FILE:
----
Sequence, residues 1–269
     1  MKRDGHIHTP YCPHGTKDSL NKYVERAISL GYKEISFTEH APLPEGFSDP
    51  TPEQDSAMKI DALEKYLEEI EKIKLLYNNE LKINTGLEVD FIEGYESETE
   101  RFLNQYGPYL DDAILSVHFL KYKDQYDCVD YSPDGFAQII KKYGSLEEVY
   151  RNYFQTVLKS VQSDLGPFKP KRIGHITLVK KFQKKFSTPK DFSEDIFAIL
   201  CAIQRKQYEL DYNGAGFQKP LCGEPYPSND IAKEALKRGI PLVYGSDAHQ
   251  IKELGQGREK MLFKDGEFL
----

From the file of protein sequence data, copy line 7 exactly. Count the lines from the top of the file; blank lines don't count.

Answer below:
   251  IKELGQGREK MLFKDGEFL